Advent of Predictive Analytics in China

The CEO of AsiaAnalytics examines how China current economic development turns local corporations into the world largest data guzzlers.

Guest post by Olivier Maugain, AsiaAnalytics (formerly SPSS China), Oct 14, 2013

China AnalyticsChina's current economic development is not only creating great wealth for not its people, but has also turned local corporations into the world's largest data guzzlers. 1.86 billion railway trips, 750.4 million China Mobile subscribers, 300 million WeChat / Weixin users, 282 million individual customers served through 16,648 branches (Industrial and Commercial Bank of China), 1,668,072 employees (China National Petroleum Corporation) - those are just a few figures exposing the scale of Chinese companies. As IT departments got the instructions (and budgets) to track customers and transactions, huge data warehouses have been built over the years, which nowadays may reach into the petabytes.

But Chinese companies have not only been accumulated data, but also the analysis tools that go with it. For several years now, enterprise software vendors have been promoting notions like Customer Relationship Management (CRM), Business Intelligence, Performance Management, Sales Force Automation, etc. which functions and targets it is to support Chinese managers in their decision making. While tools are very effective in revealing and understanding accomplishments and evolutions in the business, they usually make use of predefined templates and only show what happened in the past.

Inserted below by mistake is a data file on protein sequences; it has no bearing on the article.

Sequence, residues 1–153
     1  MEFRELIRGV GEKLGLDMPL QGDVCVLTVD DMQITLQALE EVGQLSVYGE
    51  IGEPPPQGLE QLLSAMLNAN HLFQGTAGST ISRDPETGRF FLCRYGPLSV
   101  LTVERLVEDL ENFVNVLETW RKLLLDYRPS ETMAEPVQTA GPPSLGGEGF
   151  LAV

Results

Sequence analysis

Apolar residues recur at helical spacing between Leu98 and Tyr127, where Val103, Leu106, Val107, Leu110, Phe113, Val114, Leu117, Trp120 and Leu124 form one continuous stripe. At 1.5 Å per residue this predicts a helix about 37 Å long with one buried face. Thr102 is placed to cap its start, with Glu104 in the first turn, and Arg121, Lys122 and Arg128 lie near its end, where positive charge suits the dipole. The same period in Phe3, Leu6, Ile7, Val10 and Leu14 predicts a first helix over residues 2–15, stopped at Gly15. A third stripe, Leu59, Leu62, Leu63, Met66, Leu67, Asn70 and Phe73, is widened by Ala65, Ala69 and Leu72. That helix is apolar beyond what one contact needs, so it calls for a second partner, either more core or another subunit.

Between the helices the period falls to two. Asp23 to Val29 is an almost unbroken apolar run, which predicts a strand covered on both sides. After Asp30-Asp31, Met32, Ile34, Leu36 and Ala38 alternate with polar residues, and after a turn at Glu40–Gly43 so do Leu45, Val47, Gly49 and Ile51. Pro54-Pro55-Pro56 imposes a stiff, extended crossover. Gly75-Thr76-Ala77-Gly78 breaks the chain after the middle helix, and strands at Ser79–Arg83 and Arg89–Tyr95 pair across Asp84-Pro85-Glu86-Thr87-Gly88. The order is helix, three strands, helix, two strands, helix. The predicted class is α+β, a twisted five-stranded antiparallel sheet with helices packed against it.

However, they fall through when it comes to predicting future happenings or behaviours. Furthermore, no matter the level of granularity of the data, the bulk of records available in the repositories are never used. Consequently, the knowledge hidden in those giga-, tera or petabytes of data is never being discovered - knowledge that is begging to be discovered and that can, if used properly, provide competitive edge to its discoverer. This is where advanced analytics comes into play to complement existing Reporting, OLAP (online analytical processing) and dashboard systems to enable enterprises to finally take advantage of the masses of facts and figures on hand in those huge data warehouses.

It now seems that that the concept is gaining significance among local corporations and managers. More and more companies in China are now putting into practice this idea and ramping up their predictive analytics capabilities. The reasons for such a growing interest are rather obvious:

  • The increased focus on competitiveness due increasing wages forces local companies to be more professional and to pay additional attention to efficiency;
  • The awareness of Chinese managers that high-performing and profitable businesses will be successful on the international market place and will therefore contribute to China's economic prosperity;
  • Companies in China aspire to international recognition and wish to be considered as well-managed businesses (as opposed to mere manufacturers), which compels them to follow Western management practices and tackle similar problems (such as churn reduction, cross-selling, up-selling, credit scoring, fraud detection, etc.);
  • Chinese companies seek a listing on Western stock exchanges are evaluated according to Western standards, and therefore need to reach profitability levels that similar to their international counterparts and to comply with Western compliance rules (e.g. Basel II for Risk Management)

Thus, I expect analytics to have a more substantial impact in China than anywhere else. If applied systematically (e.g. for Customer Analytics, Marketing Analytics, Predictive Maintenance, Demand Forecasting, Fraud Detection) the techniques and tools could definitely provide them the means to increase their profitability and help them to surmount the challenges of increased competition and global expansion - thus paving the way to Chinese businesses' success on the global marketplace.

Dr. Olivier MaugainOlivier Maugain is CEO of AsiaAnalytics
(formerly SPSS China) and is based in Shanghai, China.

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